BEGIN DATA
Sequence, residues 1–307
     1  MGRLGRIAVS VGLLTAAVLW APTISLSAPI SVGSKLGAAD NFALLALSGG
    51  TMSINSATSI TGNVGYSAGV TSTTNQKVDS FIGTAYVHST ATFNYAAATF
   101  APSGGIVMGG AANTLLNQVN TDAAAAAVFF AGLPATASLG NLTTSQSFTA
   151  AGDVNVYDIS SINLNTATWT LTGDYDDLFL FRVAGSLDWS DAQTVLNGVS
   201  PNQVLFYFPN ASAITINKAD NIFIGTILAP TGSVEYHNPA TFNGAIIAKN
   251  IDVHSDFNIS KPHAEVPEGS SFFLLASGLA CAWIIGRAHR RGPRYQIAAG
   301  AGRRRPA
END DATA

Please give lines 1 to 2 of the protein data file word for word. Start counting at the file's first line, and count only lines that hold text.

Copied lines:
Sequence, residues 1–307
     1  MGRLGRIAVS VGLLTAAVLW APTISLSAPI SVGSKLGAAD NFALLALSGG